The Pillowcase Project - Preparing Children for Emergencies
How much of your stuff can you fit in your pillowcase? No, I’m not talking about your major haul from trick-or-treating at Halloween. I’m talking about in the event of an emergency, what do you have around the house that you would need to take with you that can fit inside a pillowcase? [caption id="attachment_20374" align="alignright" width="300"] Pillowcase Project via Red Cross[/caption] The Red Cross has a program called the Pillowcase Project in which children learn all about local hazards, basic coping skills, as well as family and personal preparedness. One of the ways this program helps children learn about emergency preparedness is by using their pillowcase as an impromptu emergency kit. The pillowcase makes it easy to carry their belongings and emergency supplies, and they can even decorate their pillowcase with useful information, such as steps to take during an emergency. FEMA has a printout of things children should have in their emergency kits. Items include toothbrush and toothpaste, change of clothes for three days, water, food, and flashlights with extra batteries. The list also includes comfort items, including books, games, puzzles, and a favorite stuffed animal or blanket. Having these personal toys can help bring a feeling of normalcy to an otherwise frightening situation. If you think it will be tough for you to go without your modern comforts, just think what it must be like for them! These comforting toys can really go a long way in helping your children cope during an emergency. Make sure your children know what they should bring before an emergency happens. This means you will need to Replace a way to go over this information with your children multiple times until they understand and know exactly what it is they need to do. When discussing disasters with your kids, try not to alarm them overly much. Staying calm yourself during an emergency can really help with your children’s demeanor. In the event of an emergency, swift action must be taken. There usually isn’t a lot of warning time before an evacuation happens. In the case of a fire, evacuation must be immediate. That means there won’t be time to decide what to take, or even scarier, which of their favorite toys to leave behind. Of course, children aren’t always going to be at home when a disaster comes. Besides teaching them about things to grab at home, also teach them about proper ways to act at school, their friend’s house, or anywhere else they may be. Teach your children how to properly prepare for emergencies. The Pillowcase Project is just one method, but there are other ways to teach your children. Replace the method that works best for you and your children, and makes sure they know what to do when an emergency happens. How do you help your children prepare for disasters? Let us know in the comments!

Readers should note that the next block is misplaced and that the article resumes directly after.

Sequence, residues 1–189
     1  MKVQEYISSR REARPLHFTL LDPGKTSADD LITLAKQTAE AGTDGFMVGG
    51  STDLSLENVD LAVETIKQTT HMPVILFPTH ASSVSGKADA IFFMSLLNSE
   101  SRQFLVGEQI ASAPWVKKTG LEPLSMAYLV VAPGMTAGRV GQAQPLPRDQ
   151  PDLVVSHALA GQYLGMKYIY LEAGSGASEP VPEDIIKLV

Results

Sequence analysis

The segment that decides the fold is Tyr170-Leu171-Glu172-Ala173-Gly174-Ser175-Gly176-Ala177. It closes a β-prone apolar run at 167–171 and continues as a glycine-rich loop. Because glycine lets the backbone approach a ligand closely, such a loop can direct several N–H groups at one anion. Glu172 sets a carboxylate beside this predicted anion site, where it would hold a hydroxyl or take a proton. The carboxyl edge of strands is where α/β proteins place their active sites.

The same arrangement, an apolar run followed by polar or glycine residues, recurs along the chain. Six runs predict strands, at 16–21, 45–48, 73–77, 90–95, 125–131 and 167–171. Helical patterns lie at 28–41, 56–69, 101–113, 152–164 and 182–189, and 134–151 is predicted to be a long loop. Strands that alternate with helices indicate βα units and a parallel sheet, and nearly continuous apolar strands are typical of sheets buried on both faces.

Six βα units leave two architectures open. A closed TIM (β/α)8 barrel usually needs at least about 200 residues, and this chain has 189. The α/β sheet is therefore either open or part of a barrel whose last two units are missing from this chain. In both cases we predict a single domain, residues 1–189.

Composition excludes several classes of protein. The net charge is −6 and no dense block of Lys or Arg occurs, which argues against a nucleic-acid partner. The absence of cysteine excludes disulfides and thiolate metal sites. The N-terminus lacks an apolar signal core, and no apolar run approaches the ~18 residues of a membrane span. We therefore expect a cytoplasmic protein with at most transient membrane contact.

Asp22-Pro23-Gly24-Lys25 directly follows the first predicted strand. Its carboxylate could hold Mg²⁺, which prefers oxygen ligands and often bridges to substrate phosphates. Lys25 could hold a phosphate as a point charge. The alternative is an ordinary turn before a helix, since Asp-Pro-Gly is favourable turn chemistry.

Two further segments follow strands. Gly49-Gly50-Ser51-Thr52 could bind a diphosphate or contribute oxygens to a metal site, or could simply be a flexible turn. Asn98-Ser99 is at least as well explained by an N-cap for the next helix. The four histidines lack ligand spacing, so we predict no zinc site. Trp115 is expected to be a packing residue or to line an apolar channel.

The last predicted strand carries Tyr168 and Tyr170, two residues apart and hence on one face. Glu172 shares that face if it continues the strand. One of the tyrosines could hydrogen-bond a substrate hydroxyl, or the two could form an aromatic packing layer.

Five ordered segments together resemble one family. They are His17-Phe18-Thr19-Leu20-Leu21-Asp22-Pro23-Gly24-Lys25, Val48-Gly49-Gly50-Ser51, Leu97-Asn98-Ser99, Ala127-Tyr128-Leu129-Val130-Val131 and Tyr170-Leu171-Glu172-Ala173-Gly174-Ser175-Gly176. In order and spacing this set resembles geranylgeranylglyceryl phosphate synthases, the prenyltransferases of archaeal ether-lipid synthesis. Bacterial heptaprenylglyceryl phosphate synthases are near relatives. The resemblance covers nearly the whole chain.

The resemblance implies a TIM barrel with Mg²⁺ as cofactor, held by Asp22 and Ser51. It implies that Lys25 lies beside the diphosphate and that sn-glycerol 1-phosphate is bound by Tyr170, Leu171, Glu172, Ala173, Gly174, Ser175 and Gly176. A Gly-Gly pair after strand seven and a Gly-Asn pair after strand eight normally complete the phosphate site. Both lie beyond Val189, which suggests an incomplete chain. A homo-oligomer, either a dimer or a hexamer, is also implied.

Tags: Children, Disaster, Pillowcase project, Prepare
Thanks for your comment, Bobbie. It’s always nice to hear when someone finds a post useful and informative :) As far as your musings on our customer satisfaction, I will admit we’ve had some issues in shipping in the recent past (system upgrades that didn’t upgrade as planned…), but that’s all been ironed out. Still, I can understand any hesitations that come from those comments. At any rate, I hope you continue to find useful information and guidance towards emergency preparedness in our blog!
My intentions were to enter your contest and exit out as normal. I think it’s great you included reading your blog and commenting as an entry. I live in Lenoir City Tennessee and had drove thru town when the unpredicted tornado dropped out if the sky and demolished the town. In all of a 5 minute trip, a town was flattened and it was scary. That was almost 24 years ago and I admit I do not really have a survival system in place (hence trying to win a kit) but after reading some of these blog posts it is definitely something I need to do. And now is the season. Thank you for the opportunity to win a couple of survival kits, I must admist I am curious about the user comments and your customer satisfaction. However I judge a company by how “I” am treated so we’ll see how this goes. I have been very informed and I thank you again for that.